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Codes of conduct

Caravan Code

On the Road

The selection of trailer caravan and towing vehicles allows performance Inline with the Towing Code, namely:

  1. The actual laden weight of the caravan should be kept as low as possible and should never normally exceed the kerb weight of the towing vehicle
  2. The engine is powerful enough to keep the outfit at a speed, particularly on hills that does not balk other traffic
  3. The caravan is carefully loaded to provide good balance and avoid instability.
  4. The caravan complies with all Road Traffic Acts and other relevant Regulations, in particular that there should be an adequate view to the rear of the caravan.

Where the caravan is a trailer towed by a vehicle, it is insured against Third party risks this must cover not only the caravan when attached to the towing vehicle, but also when detached.

Particular attention is paid to those sections of the Highway Code relevant to trailer caravans:

  1. To cause the minimum inconvenience to other traffic the caravanner observes traffic to his rear and ensures that every opportunity is offered for other vehicles to overtake. This includes the need always to allow space in front of the outfit for faster traffic to pull into with safety (and never to have two or more outfits bunched together), and on narrow roads to pull in and halt at a safe place to allow following traffic to overtake.
  2. To carry out normal road manoeuvres with increased care to take account of the length of the outfit, the vehicles reduced acceleration and its longer stopping distances when braking. This requires greater anticipation, early signalling of intentions, and a very careful watch of overtaken traffic, particularly cyclists, before pulling in again to the near side of the road.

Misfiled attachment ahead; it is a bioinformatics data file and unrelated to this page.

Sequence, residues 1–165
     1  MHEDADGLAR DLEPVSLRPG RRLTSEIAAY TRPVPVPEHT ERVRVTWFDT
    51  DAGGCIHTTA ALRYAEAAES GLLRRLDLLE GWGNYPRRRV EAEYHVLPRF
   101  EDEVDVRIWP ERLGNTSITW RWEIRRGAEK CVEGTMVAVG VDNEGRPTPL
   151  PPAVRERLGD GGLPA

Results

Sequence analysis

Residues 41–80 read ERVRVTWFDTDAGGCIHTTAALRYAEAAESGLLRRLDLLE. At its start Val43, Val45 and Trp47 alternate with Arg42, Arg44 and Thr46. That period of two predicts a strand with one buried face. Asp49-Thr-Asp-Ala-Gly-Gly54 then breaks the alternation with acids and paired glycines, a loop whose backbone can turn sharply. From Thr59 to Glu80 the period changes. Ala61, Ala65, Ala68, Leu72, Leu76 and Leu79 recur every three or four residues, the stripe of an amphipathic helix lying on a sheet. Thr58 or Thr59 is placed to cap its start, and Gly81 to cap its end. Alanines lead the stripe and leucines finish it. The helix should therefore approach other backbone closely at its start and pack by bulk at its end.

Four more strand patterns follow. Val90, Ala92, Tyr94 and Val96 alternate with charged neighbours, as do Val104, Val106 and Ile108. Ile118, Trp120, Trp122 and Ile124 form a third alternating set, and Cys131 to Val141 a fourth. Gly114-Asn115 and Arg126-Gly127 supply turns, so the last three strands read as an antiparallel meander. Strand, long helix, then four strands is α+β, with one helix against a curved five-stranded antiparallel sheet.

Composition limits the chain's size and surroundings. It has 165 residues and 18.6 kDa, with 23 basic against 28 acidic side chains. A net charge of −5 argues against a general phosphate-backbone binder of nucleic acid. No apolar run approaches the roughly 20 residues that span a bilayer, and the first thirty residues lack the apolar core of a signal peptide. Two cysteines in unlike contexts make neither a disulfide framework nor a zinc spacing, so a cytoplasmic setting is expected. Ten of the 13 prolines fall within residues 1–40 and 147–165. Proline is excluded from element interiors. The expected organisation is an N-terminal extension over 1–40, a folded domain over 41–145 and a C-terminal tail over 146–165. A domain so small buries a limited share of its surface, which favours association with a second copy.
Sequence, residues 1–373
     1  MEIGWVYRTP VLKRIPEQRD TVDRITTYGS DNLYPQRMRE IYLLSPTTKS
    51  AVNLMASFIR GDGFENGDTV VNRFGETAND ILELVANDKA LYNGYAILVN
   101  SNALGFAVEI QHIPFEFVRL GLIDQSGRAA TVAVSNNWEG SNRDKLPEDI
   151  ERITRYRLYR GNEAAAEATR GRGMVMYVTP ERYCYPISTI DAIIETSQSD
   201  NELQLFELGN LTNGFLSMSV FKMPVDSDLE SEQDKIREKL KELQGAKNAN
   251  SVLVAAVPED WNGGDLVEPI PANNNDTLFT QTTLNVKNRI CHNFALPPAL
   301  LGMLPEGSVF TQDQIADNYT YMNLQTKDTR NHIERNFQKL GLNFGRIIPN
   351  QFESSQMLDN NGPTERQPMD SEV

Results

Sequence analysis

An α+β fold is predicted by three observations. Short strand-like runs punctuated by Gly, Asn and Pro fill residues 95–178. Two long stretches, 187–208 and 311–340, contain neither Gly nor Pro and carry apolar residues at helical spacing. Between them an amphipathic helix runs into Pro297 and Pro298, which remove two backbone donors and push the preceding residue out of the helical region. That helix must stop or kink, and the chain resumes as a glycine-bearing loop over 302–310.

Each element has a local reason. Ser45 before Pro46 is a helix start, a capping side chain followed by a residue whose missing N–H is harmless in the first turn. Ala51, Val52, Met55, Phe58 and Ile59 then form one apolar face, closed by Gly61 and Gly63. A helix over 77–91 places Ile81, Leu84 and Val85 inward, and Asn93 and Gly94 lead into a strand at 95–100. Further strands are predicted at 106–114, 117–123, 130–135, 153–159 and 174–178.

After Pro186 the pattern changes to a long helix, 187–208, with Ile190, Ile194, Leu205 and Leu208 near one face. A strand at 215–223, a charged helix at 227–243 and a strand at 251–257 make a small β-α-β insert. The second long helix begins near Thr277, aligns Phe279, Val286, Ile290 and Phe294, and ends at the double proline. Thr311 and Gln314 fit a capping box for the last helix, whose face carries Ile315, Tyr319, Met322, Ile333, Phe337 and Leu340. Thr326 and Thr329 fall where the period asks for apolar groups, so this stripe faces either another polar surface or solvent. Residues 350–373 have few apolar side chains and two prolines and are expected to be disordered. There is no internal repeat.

On Any Site

The member:

  1. Pitches on private land only with the express permission of the owner
  2. Places the caravan where it will not interfere with the convenience
  3. Avoids damage to turf by digging holes only when absolutely necessary and replacing turf where possible and by considerate use of the vehicle.
  4. Disposes of any rubbish only by the means provided on the site. If no receptacles are provided, as on some small farm sites, rubbish is taken home for disposal or to any other recognised disposal point that has space.
  5. For touring, other than on sites equipped with toilets, will carry his own sanitary equipment (usually chemical closet and related fluid) and dispose of the contents only at the point provided for that purpose. If burial is necessary, as perhaps on private property, this will not be done in the vicinity of any watercourse.
  6. Allows no waste water from the caravan to foul the ground, but ensures that suitable receptacles are connected to the waste pipes to collect the waste, and the receptacles emptied as necessary. In the few instances where no disposal point is provided, minimum fouling is achieved by distributing the water over a considerable area, as along a hedge.
  1. Allows neither children nor animals to spoil the enjoyment of others, by keeping them under control.
  2. Drives slowly and quietly when on site. Respects the privacy and peace of others at all times by keeping to a minimum mechanical, instrumental and vocal noise.
  3. Ensures that any laundry outside the caravan is displayed as discreetly as possible.
  4. Keeps the pitch neat and tidy with no loose equipment outside the caravan beyond what is necessary or appropriate and on departure leaves it as clean as, or cleaner, than it was on arrival.
  5. Observes the Country Code relating to water cleanliness, fire dangers, litter, public paths, gates, control of dogs, damage to crops; hedges, walls, trees and plants, livestock and wildlife.


At all times, on the road or on site, the caravanner shows courtesy and consideration to all comers so that the goodwill of the general public towards caravanners is maintained and improved.

Annex 1c: The Seashore Code
(Marine Conservation Society)

The British Isles have over 16,000 km of coastline. This includes some of our most varied and best loved scenery – sea cliffs, rocky shores, rock pools, sand dunes, salt marshes – and some of our most interesting wildlife.